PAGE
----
The OnLive game console is one of the first ever to utilize "cloud computing" technology which is basically the storage and access of applications on the internet rather than on local computer storage. In the case of the OnLive gaming system, neither the required games nor hardware are stored in the system itself; rather, the games are stored and played on powerful remote servers. The primary purpose of the game console is to connect to the remote servers. When the game console connects to server via broadband (and ONLY broadband) internet, a video feed is streamed back to the gamer's television and user input from the game controller are relayed back to the server in real-time. In order to ward off the obvious potential for lag, the OnLive internet service uses five data centers spread throughout the U.S so that OnLive gamers will connect to the data center nearest to them thereby delivering optimal latency performance.
Despite the fact that the OnLive MicroConsole will not ship for about a week or so (Dec. 2nd), Intrigued readers may be delighted to learn that the OnLive gaming service has been up and running for quite some time now; in fact, the service has been operating since July 2010 for gamers with a PC or Mac. That's right! You can try out the service on your computer as well as a number of mobile devices including the ipad and smart phones. Currently, their catalog of games is comprised of some 40 titles such as FEAR 2, Tom Clancey's Splinter Cell Conviction, Assasins Creed II, Dirt 2, and Unreal Tournament III. According to the system requirements listed on thier website, the most you'll need is a computer capable of playing video and a 3mb/sec internet connection (5mb/sec for 720p HD video) to play. There is no charge to create an account and play demos on the OnLive service, but in order to play the full version of games users can either opt to pay for a "playpass" per game or pay a flat subscription rate for an all-you-can-play type deal. Pre-orders for the game system can only be placed via their webstore. As a side-note, WiFi is currently supported on PC's and Mac's; however, their will not be a WiFi feature on the OnLive Game System when it is released so an Ethernet connection will be required or at least one with some kind of bridge attached. Also, the OnLive Game System only supports HDTV connections such as HDMI, DVI, and component.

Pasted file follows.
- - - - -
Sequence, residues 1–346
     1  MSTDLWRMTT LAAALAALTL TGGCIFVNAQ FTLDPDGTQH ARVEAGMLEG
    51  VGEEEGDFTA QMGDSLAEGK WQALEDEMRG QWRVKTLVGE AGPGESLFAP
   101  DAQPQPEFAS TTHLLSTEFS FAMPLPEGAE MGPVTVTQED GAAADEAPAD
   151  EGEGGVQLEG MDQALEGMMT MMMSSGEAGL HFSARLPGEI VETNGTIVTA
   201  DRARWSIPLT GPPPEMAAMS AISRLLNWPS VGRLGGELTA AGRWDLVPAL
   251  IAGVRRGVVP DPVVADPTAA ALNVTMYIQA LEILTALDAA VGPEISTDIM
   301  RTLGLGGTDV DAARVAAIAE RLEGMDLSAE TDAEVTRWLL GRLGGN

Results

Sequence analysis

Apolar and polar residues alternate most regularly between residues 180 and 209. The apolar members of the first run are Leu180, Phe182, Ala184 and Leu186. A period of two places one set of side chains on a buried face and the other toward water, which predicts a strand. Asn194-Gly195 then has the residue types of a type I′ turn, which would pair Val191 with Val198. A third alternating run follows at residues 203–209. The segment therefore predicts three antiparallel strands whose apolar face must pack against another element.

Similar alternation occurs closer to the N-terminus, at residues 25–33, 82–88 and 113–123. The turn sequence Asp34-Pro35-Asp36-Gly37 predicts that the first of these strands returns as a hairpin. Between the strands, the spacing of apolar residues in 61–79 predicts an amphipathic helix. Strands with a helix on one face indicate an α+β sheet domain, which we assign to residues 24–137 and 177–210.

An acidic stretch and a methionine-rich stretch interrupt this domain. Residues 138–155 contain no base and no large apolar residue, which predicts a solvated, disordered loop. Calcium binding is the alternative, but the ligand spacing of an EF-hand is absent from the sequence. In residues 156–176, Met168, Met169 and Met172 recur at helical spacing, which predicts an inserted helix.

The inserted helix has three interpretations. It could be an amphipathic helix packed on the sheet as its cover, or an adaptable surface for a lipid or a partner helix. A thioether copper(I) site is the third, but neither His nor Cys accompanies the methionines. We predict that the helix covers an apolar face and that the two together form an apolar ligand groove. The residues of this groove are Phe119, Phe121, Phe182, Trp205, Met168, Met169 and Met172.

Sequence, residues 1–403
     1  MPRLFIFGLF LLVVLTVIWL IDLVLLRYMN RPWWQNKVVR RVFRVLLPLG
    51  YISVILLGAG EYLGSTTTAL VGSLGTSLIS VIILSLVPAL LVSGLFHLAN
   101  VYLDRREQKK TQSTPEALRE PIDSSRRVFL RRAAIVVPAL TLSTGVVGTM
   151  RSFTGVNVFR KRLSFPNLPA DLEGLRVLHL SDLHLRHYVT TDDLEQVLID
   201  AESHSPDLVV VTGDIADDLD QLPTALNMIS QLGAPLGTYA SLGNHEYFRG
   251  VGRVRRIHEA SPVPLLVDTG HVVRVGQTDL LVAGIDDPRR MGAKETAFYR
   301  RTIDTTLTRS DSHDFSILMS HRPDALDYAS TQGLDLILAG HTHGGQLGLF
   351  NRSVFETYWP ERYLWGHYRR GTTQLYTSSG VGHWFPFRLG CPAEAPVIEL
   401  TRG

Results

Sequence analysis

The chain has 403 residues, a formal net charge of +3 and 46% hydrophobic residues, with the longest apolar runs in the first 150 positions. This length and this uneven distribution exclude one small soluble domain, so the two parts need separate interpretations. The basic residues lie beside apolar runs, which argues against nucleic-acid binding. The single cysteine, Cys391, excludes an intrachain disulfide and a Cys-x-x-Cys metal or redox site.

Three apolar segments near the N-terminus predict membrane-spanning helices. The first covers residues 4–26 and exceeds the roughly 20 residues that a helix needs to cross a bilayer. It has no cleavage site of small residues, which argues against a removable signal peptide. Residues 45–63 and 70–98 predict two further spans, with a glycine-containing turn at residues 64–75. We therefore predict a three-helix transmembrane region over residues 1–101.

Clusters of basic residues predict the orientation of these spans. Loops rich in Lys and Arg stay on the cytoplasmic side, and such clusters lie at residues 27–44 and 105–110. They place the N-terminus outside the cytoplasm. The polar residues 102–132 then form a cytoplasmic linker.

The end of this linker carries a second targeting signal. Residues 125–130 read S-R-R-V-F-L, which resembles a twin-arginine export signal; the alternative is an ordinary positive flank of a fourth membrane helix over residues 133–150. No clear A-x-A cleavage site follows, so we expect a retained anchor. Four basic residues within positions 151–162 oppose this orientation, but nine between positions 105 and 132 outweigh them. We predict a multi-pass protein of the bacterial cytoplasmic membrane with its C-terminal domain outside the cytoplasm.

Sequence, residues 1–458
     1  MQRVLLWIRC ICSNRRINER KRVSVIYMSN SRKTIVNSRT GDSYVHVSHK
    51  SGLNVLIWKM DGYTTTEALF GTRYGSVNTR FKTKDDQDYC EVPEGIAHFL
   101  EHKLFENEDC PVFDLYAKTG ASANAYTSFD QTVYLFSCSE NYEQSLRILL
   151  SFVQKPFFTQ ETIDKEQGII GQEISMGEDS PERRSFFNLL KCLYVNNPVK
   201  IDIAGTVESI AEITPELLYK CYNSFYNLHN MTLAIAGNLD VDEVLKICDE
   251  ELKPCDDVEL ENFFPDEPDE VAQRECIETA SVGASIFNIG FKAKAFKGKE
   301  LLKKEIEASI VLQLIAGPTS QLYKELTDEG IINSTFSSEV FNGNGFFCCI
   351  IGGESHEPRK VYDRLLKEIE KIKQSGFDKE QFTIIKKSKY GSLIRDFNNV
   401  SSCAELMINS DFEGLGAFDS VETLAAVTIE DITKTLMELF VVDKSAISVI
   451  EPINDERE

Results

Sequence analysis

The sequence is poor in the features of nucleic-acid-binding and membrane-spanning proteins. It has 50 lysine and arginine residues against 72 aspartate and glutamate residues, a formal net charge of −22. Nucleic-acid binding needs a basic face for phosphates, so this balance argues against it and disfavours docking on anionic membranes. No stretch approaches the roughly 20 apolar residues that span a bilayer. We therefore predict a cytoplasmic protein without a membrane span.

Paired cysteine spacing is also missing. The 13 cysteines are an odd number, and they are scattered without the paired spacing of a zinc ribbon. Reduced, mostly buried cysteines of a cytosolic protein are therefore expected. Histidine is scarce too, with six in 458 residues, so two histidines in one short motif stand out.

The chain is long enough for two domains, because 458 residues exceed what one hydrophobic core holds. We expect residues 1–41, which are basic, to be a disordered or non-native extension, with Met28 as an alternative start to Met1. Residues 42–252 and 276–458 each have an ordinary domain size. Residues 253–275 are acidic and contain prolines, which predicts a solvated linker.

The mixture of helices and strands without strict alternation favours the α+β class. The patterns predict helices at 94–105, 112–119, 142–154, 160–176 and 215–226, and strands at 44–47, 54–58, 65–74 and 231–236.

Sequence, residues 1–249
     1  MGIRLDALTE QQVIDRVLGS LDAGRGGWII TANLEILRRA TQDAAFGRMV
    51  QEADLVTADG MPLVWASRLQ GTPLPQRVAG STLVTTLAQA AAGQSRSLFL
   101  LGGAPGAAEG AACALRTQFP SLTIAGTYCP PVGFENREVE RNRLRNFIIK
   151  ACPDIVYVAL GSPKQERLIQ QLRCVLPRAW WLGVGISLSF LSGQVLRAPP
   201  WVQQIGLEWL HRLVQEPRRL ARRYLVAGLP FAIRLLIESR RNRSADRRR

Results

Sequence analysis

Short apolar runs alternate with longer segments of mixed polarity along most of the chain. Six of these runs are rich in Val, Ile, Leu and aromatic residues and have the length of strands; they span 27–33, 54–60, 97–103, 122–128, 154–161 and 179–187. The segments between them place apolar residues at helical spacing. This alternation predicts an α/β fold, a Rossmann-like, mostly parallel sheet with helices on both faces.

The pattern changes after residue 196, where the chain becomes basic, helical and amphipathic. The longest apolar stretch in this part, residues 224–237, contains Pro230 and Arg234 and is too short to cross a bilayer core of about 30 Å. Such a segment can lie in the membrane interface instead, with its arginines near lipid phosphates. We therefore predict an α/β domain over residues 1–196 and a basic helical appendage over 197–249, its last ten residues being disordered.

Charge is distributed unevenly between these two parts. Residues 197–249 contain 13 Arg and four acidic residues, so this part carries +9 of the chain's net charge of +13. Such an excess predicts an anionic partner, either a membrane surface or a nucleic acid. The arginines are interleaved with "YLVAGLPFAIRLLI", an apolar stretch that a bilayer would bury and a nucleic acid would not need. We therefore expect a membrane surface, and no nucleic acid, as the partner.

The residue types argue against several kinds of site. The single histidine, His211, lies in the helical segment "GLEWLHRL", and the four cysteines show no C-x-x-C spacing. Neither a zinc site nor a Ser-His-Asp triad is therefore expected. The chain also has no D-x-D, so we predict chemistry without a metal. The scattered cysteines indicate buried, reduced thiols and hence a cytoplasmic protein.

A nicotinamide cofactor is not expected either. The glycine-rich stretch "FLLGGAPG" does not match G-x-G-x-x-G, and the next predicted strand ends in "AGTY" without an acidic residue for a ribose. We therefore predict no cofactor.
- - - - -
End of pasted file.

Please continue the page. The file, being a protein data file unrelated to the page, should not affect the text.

Despite initial restrictions on membership during the service's launch, OnLive is now open to all broadband internet subscribers including those subscribed to any southwest Florida ISP.